Home Articles THE VIGILANTE AND NIGERIA’S INTERNAL SECURITY — PART TWO — By Prof....

THE VIGILANTE AND NIGERIA’S INTERNAL SECURITY — PART TWO — By Prof. Tunde Adeniran, KJW, OFR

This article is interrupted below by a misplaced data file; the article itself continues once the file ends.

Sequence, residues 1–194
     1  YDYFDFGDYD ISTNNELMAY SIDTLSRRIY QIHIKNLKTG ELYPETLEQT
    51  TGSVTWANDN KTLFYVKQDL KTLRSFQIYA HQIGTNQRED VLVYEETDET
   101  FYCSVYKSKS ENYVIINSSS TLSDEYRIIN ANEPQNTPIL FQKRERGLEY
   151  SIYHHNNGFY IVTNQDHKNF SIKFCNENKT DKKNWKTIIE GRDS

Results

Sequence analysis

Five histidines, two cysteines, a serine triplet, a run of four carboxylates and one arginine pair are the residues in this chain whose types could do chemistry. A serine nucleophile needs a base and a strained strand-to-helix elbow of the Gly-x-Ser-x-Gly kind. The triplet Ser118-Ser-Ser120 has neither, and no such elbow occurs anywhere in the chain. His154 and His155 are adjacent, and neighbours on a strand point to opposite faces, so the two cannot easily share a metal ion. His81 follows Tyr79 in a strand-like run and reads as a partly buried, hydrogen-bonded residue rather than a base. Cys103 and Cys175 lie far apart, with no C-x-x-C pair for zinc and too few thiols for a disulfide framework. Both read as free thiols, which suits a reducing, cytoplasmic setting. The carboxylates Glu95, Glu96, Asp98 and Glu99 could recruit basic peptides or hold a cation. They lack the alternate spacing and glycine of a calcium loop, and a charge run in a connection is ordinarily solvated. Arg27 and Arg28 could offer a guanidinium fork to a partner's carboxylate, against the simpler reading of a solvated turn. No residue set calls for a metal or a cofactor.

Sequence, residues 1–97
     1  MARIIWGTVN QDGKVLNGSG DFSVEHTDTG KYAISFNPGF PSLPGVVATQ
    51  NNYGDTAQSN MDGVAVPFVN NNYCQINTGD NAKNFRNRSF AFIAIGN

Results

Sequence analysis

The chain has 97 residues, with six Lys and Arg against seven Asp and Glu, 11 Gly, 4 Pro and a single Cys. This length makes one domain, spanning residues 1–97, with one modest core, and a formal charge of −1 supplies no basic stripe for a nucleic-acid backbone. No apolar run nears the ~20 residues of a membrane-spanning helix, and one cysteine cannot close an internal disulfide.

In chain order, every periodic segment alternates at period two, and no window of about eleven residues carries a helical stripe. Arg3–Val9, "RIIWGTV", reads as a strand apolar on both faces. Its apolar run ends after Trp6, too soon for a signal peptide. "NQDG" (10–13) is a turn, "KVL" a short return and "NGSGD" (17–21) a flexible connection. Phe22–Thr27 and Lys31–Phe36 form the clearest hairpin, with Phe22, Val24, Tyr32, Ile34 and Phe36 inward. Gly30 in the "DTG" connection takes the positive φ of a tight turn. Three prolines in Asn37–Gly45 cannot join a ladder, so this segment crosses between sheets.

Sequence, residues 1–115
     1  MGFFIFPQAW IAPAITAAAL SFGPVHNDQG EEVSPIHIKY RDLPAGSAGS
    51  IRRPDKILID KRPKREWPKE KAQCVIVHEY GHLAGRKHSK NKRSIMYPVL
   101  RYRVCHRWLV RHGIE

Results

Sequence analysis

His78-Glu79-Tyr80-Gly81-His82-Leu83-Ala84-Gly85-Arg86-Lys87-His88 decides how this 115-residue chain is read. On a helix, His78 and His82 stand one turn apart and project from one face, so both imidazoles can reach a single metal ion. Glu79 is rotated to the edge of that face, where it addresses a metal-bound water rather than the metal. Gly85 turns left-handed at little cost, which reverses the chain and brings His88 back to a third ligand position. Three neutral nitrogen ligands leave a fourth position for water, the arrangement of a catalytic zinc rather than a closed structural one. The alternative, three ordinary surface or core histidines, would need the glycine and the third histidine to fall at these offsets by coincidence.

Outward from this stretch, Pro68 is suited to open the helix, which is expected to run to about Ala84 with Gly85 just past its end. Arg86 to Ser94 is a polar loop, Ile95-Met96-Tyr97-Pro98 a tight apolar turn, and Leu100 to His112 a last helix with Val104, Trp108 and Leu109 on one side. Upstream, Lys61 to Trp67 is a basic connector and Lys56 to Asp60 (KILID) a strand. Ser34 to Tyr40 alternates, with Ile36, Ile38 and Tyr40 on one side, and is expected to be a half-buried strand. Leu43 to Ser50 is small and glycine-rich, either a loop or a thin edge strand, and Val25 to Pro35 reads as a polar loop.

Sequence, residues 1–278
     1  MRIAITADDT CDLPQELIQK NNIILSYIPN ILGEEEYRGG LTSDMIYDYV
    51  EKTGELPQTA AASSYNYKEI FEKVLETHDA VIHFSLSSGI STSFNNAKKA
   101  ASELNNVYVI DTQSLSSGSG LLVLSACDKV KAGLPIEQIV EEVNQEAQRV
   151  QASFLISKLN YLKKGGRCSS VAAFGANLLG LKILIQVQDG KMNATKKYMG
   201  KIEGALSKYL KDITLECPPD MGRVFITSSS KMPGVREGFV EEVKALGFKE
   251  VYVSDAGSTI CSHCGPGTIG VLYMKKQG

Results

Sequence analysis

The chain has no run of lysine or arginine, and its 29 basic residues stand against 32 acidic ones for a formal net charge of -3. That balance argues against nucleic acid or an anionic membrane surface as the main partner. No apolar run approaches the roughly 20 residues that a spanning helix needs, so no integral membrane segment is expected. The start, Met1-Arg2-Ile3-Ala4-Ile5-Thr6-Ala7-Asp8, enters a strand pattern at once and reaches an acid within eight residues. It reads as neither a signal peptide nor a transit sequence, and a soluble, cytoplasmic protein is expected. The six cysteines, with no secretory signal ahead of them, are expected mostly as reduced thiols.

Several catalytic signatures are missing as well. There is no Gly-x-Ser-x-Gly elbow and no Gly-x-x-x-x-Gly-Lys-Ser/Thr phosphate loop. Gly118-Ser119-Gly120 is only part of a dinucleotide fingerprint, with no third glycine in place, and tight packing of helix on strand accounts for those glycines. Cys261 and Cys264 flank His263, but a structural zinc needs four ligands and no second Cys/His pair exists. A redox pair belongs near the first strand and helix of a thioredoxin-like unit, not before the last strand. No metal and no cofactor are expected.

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Yesterday, we brought to you the opening part of this treatise on VIGILANTE system of securing the society. It is contained in an opinion suggested in a paper presented by Prof. Tunde Adeniran, OFR, Nigeria’s former Minister of Education and former Ambassador to the Federal Republic of Germany, at the  Development Policy Centre, Ojetunji Aboyade House, Ibadan, This is the concluding part of the paper. Enjoy your day. WALK INS: “Walk-ins” share some characteristics with “Operation Evacuation”. While theft and robbery were usually the primary objective, rape and murder were frequently motivated by ,the circumstances of encounter between the robbers and their victims, especially the extent to which the former became impulsive under the overwhelming influence of hard drugs. Moreover, the various categories were generally preceded by surveillance and periodic ‘monitoring of tendencies within the neighbourhood, as well as the potentials or inclinations of law enforcement’ agents to respond to critical challenges. Finally, there is the “siege” variety of armed robbery. For some of us students of strategy, a siege situation in warfare is an exciting area of study. It is the process (and the actual act) of surrounding and attacking a fortified place in such a way as to isolate it from help and supplies. Through this, you lessen and weaken the defenders or victims and their capture or caging is made relatively easy. Whenever armed robbers undertook a siege, they left no one in doubt about their desperation and as to their determination to dare any segment of the civil society, including the Nigeria Police. In some cases the bandits even disguised by wearing military or police uniforms but on most occasions they did not. Generally, however, they were armed with very sophisticated weapons (AK-47, loaded magazines with hundreds of rounds of ammunition) and communication gadgets for their operations. As soon as they got to their targets they would surround them, and start’ shooting. This was followed by subjecting victims to harrowing experiences by the gangs whose membership could be as small as five and as large a fifty. Siege could also take the form of “street raids”, a near war situation in which heavily armed robbers would move from house to house sacking their targets in an operation that could last two or three hours. Any siege would leave its target with records of terrible loss, devastation and a widespread feeling of helplessness. THE RESPONSE: It was…

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